Recent Posts

Tuesday, July 21, 2009

Genome Payola: Wolfman Gene Plays Double Helix

The Daily Galaxy writes:

"I can hear DNA on the internet." No, it's not Philip K. Dick's facebook status: it's what you could say too, listening to the broadcast of an entire human genome online. A project that's already started, and is going on right now.

The fantastic folk over at DNA-Rainbow have rendered the entire DNA code in audio form and are livestreaming it from their site 24/7. It's not a sound file or a download, it's a live broadcast (thinking about it, probably the "livest" thing ever to be broadcast) of a computer reading out the code, and at three characters per second it will take twenty three and a half years to complete. It will run all the time until 2032. That's how much information is carried in almost every cell in your body.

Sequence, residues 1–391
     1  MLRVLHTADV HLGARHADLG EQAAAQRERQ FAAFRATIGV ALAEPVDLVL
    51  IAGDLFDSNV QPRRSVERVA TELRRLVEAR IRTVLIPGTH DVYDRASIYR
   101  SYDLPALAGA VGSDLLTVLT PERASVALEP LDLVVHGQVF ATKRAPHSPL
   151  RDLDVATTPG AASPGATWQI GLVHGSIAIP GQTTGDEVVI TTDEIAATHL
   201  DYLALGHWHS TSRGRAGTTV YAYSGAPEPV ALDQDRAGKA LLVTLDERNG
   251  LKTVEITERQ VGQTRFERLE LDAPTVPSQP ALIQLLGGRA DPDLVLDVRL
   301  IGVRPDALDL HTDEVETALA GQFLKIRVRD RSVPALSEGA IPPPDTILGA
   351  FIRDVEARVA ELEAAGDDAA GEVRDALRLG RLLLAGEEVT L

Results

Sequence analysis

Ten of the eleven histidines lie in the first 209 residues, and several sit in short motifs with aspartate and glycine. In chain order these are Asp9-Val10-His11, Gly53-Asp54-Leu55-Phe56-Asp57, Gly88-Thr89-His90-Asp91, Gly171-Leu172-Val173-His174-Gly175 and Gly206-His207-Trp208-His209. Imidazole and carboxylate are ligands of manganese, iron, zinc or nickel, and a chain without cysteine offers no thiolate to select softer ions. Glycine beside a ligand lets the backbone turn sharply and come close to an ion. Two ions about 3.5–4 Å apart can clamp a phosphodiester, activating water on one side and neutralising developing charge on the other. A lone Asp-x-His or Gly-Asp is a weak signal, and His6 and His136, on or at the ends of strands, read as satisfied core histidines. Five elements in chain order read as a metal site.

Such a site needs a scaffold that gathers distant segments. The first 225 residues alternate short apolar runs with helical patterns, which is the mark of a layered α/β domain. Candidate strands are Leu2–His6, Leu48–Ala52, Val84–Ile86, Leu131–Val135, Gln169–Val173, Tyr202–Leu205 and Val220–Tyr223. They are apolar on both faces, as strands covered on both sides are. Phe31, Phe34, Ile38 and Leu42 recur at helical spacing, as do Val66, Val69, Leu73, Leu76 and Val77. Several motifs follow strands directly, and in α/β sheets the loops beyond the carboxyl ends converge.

Katrin and Jens Bierkandt are the embodiment of cutting-edge - a biotechnologist and an internet developer, their powers combined to communicate the advances of science to the masses of the public. Their previous project, the DNA-Rainbow, rendered the entire thing as a four-color picture the public could see patterns in. (Well, five colors when you count the grey for bits we don't have info for yet - exactly the sort of information anyone can gain from these projects).

We're just waiting for someone to stick a drum and bass line on the broadcast. You've got the heart of a total techno hit right there, and the fact that it's driven by pure science and internet-juice just makes it that much more awesome.

link: DNA Radio -Now Broadcasting Live


Post a Comment